Let’s get one thing straight. This is a film about subverted heroes. People who need big money so desperately they are willing to participate in a crazy game of life and death orchestrated by a man who has turned betting on human beings into a galloping global industry.
Sanjay Dutt strides across the wide screen and its accompanying pomp and paraphernalia with leonine aplomb. He’s accompanied by a cast that knows this film means macho business. And the ladies can just wait for the next installment of Ballika Vadhu at home.
However the real heroes of this tale of perverse heroism are the action (Allan Amin) dialogues (Soham Shah),locations(ranging from the super-rugged to the ultra-chic) , the thundering ricocheting background score(Amar Mohile) and the cinematography(Santosh Thundiyil). All these technical components enrich the experience of watching an extended video-game done at an adrenaline -defying speed .
So is Luck just a series of action sequences threaded together in an apology of a plot? To a large extent the skills that have gone into Soham Shah’s storytelling tend to be eclipsed by the sheer volume and impact of the virile action. Even the female characters (Shruti Haasan and Chitrashi) are creatures devoted to moolah , nachismo and macabre homages to karma and destiny (or luck if you will).
So, play the game. Soham Shah, displaying a penchant for the pyrotechnics that hit you in your face with the full-blown impact of James Bond on a particularly bad-air day, revs up the proceedings from the word go. Every principal character (barring debutante Shruti Haasan) is given a back story done with an economy of narration that impresses with its austere suppleness.
Particularly riveting is Imran Khan‘s introductory episode where in a Harshad Mehta-like scam, the boy’s life and finances come undone because of his father’s economic misadventures. Here, the character’s desperation of monetary redemption comes alive as much through Imran’s clenched jaws and anguished eyes as the small details that go into constructing an ambience of desperate destiny.
Then there’s Mithun, filled with smothered anguish at the thought of a dying wife (Roopa Ganguly, wasted) and the lakhs needed to keep her alive.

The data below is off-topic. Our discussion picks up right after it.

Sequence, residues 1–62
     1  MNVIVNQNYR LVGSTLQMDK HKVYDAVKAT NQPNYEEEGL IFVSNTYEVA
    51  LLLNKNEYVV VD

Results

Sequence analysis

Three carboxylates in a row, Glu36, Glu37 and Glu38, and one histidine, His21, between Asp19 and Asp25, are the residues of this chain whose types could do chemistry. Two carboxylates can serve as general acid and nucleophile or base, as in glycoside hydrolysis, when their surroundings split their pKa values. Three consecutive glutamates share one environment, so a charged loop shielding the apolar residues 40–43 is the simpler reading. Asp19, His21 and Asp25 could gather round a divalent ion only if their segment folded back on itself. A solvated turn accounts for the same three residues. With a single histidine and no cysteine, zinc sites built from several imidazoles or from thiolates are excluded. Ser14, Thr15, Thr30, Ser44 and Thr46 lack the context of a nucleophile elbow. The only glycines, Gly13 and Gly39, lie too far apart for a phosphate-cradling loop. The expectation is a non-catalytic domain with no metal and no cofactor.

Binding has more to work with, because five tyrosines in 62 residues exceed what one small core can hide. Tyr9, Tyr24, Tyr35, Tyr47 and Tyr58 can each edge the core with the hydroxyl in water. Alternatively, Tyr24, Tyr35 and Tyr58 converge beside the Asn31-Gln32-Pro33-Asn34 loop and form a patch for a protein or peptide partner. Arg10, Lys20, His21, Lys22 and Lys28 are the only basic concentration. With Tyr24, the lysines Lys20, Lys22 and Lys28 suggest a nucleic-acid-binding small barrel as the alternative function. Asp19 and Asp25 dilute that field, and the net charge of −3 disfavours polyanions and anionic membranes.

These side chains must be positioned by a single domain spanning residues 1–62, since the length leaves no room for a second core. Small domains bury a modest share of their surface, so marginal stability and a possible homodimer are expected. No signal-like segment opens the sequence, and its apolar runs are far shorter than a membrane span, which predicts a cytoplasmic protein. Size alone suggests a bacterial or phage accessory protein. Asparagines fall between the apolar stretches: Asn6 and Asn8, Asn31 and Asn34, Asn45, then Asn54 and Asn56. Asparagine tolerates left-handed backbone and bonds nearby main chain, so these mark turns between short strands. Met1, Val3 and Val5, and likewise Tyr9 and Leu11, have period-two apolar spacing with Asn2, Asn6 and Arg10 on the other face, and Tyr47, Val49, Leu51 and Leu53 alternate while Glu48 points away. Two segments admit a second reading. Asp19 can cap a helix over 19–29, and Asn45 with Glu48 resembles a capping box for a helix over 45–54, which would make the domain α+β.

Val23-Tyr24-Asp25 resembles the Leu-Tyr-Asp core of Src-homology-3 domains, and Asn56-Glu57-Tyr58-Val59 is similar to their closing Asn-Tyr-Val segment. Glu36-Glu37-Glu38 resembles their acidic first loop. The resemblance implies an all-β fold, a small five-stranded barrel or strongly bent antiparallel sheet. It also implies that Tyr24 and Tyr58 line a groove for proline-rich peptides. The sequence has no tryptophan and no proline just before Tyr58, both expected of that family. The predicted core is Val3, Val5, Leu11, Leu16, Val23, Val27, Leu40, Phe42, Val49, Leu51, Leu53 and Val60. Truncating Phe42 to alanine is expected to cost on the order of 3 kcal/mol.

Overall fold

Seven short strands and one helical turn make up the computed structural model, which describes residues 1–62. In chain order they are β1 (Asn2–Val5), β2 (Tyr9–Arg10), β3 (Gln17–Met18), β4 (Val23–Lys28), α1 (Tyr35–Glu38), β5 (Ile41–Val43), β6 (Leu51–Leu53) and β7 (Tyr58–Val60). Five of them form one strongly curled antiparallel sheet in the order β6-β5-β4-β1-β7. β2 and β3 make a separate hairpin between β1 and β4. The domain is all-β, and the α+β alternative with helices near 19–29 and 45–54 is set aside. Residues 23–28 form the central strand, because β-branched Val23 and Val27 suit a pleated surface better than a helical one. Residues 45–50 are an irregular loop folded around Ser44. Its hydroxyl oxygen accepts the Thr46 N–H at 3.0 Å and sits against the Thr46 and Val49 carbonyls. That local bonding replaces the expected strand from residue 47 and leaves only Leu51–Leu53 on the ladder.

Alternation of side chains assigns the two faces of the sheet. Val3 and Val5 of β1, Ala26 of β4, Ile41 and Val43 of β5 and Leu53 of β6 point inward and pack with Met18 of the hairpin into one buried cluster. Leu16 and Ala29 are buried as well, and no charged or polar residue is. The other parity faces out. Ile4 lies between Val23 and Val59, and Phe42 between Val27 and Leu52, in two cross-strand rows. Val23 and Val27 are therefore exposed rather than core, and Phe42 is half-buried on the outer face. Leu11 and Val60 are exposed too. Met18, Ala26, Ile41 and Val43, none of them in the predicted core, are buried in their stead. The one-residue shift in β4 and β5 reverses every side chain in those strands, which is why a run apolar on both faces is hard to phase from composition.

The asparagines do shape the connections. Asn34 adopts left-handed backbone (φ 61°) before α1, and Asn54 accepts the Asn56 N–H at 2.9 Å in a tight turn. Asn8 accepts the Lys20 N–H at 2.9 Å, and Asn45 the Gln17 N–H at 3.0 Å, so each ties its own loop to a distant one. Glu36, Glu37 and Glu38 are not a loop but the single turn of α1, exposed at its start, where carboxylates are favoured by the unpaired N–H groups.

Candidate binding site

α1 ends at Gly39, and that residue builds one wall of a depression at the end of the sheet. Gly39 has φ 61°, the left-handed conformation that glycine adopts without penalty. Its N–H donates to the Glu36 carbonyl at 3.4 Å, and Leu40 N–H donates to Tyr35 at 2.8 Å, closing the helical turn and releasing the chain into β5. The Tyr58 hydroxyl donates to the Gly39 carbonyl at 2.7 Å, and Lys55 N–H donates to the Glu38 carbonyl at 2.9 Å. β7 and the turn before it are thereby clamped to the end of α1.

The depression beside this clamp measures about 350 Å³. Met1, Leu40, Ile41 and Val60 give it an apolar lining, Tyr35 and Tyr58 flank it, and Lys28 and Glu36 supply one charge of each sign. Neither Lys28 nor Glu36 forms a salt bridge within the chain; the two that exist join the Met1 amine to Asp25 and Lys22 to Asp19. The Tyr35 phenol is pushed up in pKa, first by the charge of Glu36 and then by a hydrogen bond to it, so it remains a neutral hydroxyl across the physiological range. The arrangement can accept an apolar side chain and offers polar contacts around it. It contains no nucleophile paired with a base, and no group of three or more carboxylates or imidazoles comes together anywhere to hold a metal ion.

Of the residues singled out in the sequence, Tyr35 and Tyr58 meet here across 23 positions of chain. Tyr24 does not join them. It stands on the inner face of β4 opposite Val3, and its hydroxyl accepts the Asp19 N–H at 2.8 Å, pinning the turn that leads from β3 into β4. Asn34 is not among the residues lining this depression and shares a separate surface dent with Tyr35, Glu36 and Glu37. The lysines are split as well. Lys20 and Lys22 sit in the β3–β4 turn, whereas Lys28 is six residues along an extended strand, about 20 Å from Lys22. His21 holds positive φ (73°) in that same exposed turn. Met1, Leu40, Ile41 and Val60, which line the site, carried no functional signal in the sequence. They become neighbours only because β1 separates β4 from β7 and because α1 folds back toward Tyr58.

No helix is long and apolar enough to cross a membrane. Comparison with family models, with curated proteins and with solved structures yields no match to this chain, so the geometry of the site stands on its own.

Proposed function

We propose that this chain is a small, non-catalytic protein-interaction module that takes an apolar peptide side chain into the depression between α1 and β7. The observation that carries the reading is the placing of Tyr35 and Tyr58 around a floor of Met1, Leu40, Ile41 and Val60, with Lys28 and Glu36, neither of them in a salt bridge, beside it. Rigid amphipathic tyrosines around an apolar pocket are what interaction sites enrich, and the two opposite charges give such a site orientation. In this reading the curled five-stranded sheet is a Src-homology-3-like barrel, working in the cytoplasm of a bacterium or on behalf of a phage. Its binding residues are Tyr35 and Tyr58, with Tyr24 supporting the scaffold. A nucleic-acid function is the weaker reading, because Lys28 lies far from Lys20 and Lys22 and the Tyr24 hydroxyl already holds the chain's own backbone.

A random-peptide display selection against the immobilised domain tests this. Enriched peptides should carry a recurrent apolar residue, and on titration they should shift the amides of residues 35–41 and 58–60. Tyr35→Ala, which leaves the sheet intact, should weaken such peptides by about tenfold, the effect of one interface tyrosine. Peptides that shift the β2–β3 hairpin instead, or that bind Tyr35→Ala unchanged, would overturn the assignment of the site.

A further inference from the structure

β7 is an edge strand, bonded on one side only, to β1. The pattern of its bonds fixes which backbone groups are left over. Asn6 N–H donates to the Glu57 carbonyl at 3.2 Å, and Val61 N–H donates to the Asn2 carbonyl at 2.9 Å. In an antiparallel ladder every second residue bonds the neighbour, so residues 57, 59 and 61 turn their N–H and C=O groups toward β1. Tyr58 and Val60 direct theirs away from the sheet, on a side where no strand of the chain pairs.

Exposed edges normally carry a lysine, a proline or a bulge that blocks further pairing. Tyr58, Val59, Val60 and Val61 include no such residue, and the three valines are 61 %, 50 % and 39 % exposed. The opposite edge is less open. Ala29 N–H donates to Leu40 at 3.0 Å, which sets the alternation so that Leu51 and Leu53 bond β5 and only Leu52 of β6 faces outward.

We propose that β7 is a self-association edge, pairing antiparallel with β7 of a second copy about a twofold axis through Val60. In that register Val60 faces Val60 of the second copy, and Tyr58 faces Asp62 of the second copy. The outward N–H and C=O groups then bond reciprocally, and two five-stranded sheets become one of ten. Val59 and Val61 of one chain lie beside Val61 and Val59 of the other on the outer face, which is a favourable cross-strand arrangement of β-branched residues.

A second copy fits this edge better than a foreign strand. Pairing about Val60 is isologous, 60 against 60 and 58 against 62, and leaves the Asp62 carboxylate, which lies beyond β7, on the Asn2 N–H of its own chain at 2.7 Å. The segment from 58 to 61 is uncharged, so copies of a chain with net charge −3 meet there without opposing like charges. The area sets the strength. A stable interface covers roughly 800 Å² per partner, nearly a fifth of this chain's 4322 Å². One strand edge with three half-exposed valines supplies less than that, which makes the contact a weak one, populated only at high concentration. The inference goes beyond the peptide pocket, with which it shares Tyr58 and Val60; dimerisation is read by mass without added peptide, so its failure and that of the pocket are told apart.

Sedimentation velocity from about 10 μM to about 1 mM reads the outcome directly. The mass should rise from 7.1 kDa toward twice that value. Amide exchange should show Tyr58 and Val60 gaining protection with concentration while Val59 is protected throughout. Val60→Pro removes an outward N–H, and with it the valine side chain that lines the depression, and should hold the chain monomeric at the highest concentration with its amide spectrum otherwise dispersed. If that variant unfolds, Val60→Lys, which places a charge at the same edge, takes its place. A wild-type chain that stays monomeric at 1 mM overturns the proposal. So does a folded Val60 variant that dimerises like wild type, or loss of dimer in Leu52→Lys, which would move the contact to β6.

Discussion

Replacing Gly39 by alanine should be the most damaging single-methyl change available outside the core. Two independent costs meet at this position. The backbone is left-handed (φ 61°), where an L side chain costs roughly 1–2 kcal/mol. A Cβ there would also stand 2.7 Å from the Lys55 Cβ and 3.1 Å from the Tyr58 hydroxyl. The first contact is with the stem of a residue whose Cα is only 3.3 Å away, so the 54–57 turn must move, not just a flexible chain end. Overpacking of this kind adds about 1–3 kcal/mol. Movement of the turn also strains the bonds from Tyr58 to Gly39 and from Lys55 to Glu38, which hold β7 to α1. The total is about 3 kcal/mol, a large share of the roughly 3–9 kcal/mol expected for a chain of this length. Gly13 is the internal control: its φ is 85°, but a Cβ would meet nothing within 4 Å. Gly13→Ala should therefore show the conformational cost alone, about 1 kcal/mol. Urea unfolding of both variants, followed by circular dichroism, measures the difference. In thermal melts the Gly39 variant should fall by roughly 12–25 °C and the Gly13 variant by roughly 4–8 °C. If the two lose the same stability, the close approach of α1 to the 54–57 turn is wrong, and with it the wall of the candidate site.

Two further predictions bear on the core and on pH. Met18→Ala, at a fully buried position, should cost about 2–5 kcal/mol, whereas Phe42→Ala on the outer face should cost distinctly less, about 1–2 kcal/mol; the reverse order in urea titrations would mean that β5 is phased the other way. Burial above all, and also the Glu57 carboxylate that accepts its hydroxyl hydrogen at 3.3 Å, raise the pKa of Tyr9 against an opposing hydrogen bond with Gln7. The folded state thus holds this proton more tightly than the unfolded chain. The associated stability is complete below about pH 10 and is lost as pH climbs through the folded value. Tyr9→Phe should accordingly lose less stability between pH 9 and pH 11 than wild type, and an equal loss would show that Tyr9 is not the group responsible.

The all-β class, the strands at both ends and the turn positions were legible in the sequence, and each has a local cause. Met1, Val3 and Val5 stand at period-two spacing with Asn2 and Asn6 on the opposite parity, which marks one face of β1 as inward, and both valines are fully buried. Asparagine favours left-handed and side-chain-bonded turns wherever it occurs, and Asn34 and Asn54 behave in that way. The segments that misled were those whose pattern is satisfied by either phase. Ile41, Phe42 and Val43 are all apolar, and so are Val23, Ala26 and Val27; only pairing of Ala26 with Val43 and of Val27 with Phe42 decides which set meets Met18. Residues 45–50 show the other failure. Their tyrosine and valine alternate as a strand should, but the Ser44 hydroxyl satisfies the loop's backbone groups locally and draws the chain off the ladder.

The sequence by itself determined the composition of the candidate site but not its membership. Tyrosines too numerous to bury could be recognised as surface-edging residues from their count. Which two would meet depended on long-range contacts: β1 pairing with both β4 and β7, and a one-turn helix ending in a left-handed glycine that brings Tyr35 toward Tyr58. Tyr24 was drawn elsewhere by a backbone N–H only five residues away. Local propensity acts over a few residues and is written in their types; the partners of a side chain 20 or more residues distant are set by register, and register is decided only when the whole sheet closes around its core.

Most interesting of all is Ravi Kishan. As a psycho on death row who cheats death he gets some of the juiciest lines in this well-written jigsaw on fallen lives and scamsters posing as angels. Kishan makes the best of the situation and comes up with a performance that pervades the screen with a wolf -like wackiness.
Also a treat is that pint- sized talent Chitrashi who as the zestful stowaway from Pakistan comes up with a ‘camel’ ka performance. See the film to know what I mean. Her sequence from the hospital bed after mechanical sharks bite of her limb is the sort of foolproof emotional intervention in the rugged plot that cannot go wrong. It doesn’t.
You love Soham Shah for making such telling use of Mithun Chakbraorty and Danny Denzongpa’s immense rabble-rousing personalities.
Why didn’t other directors think of casting these actors in such tailor made roles? Like the cinema of Sanjay Gupta, Soham Shah’s film shows materialism to be the motivating mantra of modern times.
Money makes the world of Luck go around unapologetically.
Some of the pauses dividing the 5-6 principal action scenes don’t quite succeed in giving the goings-on a sense of rhythm and grace. But you can’t really fault Luck for its ration of kinetic momentum. The narration is propelled forward by a pulsating integrity to the genre of action movies.
Original in concept and engaging in execution Luck is cinema at its macho peak. It pumps up the octane to an optimum level and lets the plot devise its own pauses and porous outlets.
You don’t come away liking too many characters in this tale of guns and deaths.
But you don’t dislike these people for their monstrous materialism either. That’s the real success of Luck.